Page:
Examples of the aliphatic polyisocyanate compound include tetramethylene diisocyanate, pentamethylene diisocyanate, hexamethylene diisocyanate (hereinafter, abbreviated as “HDI”), heptamethylene diisocyanate, octamethylene diisocyanate, decamethylene diisocyanate, 2-methyl-1,5-pentane diisocyanate, 3-methyl-1,5-pentane diisocyanate, dodecamethylene diisocyanate, 2-methylpentamethylene diisocyanate, 2,2,4-trimethyl hexamethylene diisocyanate, 2,4,4-trimethyl hexamethylene diisocyanate, isophorone diisocyanate, norbornane diisocyanate, hydrogenated diphenylmethane diisocyanate, hydrogenated tolylene diisocyanate, hydrogenated xylylene diisocyanate, hydrogenated tetramethyl xylylene diisocyanate, and cyclohexyl diisocyanate. Examples of the aromatic polyisocyanate compound include tolylene diisocyanate, 4,4′-diphenylmethane diisocyanate, xylylene diisocyanate, 1,5-naphthalene diisocyanate, tolidine diisocyanate, and p-phenylene diisocyanate.

Examples of the hydroxy group-containing (meth)acrylate compound include mono(meth)acrylates of a dihydric alcohol, such as 2-hydroxyethyl (meth)acrylate, 2-hydroxypropyl (meth)acrylate, 2-hydroxybutyl (meth)acrylate, 4-hydroxybutyl (meth)acrylate, 1,5-pentanediol mono(meth)acrylate, 1,6-hexanediol mono(meth)acrylate, neopentyl glycol mono(meth)acrylate, and hydroxypivalic acid neopentyl glycol mono(meth)acrylate; mono- or di(meth)acrylates of a trihydric alcohol, such as trimethylolpropane di(meth)acrylate, ethoxylated trimethylolpropane (meth)acrylate, propoxylated trimethylolpropane (meth)acrylate, glycerol di(meth)acrylate, and di(meth)acryloyloxyethyl-hydroxyethyl-isocyanurate; and hydroxyl group-containing mono- and di(meth)acrylates in which some of these alcoholic hydroxyl groups are modified with ε-caprolactone.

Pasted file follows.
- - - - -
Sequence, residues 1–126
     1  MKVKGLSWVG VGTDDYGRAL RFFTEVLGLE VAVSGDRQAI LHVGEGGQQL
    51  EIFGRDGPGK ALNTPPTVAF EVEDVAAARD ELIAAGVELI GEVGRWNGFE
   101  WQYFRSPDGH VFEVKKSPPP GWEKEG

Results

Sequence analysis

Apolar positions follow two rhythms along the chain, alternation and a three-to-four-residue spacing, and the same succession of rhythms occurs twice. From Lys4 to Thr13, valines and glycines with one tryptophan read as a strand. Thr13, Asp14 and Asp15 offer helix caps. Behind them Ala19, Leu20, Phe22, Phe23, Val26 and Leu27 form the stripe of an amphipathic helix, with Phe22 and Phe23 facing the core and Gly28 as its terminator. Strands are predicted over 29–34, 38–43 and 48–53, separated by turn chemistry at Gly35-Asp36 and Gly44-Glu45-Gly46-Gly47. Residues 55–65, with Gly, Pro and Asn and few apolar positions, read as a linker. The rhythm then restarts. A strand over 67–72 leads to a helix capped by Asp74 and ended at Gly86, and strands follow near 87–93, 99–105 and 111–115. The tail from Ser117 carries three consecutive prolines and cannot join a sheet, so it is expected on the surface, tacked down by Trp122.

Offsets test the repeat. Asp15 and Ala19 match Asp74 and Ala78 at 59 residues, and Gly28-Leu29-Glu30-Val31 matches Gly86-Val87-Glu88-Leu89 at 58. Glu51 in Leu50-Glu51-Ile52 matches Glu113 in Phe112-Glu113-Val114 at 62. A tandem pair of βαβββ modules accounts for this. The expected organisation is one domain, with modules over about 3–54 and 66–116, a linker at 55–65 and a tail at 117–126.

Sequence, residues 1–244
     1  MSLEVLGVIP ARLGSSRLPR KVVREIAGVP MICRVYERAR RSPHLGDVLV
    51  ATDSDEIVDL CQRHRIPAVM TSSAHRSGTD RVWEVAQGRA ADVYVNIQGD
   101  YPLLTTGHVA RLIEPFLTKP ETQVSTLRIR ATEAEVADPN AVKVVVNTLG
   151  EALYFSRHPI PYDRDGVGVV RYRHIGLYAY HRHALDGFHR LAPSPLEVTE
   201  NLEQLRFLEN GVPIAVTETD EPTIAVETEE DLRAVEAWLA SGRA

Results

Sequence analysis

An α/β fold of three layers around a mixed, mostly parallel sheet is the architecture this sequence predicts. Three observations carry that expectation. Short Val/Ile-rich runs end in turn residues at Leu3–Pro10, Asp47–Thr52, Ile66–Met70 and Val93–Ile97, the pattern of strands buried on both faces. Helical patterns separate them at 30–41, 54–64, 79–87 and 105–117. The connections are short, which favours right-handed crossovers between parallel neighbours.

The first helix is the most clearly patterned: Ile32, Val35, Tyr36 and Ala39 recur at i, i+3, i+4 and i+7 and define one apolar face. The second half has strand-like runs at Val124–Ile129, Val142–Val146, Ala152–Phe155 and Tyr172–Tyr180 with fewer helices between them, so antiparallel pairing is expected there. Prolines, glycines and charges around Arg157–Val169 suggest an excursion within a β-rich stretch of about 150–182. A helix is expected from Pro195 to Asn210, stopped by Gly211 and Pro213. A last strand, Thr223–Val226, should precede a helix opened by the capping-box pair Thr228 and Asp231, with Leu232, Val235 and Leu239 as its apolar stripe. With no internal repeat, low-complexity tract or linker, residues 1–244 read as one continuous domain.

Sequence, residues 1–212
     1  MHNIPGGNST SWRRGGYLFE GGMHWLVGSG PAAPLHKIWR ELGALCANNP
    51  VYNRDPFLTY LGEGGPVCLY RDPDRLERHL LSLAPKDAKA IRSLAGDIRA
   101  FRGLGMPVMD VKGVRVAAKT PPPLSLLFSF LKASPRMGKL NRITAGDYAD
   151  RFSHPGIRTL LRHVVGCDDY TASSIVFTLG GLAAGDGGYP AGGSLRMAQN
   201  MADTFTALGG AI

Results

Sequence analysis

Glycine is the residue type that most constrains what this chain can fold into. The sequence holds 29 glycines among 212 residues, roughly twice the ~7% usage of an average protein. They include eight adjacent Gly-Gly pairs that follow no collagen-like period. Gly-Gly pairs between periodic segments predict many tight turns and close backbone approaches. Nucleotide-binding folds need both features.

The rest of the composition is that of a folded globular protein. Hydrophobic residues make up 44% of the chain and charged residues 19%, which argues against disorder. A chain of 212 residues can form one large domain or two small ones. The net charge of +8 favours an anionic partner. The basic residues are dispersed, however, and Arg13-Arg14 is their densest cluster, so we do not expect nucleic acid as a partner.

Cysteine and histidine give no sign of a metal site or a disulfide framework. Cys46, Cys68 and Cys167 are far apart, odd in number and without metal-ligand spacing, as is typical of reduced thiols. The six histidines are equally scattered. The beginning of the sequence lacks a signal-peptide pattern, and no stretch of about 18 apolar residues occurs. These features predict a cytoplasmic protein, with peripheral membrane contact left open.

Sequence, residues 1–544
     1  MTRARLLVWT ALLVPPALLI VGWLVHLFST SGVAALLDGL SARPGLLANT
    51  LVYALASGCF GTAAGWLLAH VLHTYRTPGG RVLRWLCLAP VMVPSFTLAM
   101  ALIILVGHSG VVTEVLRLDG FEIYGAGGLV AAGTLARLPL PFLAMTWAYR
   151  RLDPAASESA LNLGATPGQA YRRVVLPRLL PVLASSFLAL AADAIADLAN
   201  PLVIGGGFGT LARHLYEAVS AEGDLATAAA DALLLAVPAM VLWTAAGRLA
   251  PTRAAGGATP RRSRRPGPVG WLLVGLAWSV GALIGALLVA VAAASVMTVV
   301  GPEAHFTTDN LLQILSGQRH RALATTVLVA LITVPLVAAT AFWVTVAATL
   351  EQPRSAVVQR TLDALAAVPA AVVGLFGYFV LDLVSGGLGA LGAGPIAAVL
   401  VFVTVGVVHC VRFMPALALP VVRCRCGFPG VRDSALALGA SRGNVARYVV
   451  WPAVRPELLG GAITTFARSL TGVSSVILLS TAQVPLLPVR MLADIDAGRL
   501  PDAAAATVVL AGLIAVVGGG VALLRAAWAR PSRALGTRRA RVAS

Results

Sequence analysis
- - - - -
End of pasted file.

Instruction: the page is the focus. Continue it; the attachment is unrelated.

Examples thereof further include compounds having a monofunctional hydroxyl group and a trifunctional or higher-functional (meth)acryloyl group, such as pentaerythritol tri(meth)acrylate, ditrimethylolpropane tri(meth)acrylate, and dipentaerythritol penta(meth)acrylate; and hydroxyl group-containing polyfunctional (meth)acrylates in which any of these compounds is further modified with ε-caprolactone.

Examples thereof further include (meth)acrylate compounds having an oxyalkylene chain, such as dipropylene glycol mono(meth)acrylate, diethylene glycol mono(meth)acrylate, polypropylene glycol mono(meth)acrylate, and polyethylene glycol mono(meth)acrylate; (meth)acrylate compounds having a block-structured oxyalkylene chain, such as polyethylene glycol-polypropylene glycol mono(meth)acrylate and polyoxybutylene-polyoxypropylene mono(meth)acrylate; and (meth)acrylate compounds having a random-structured oxyalkylene chain, such as poly(ethylene glycol-tetramethylene glycol) mono(meth)acrylate and poly(propylene glycol-tetramethylene glycol) mono(meth)acrylate.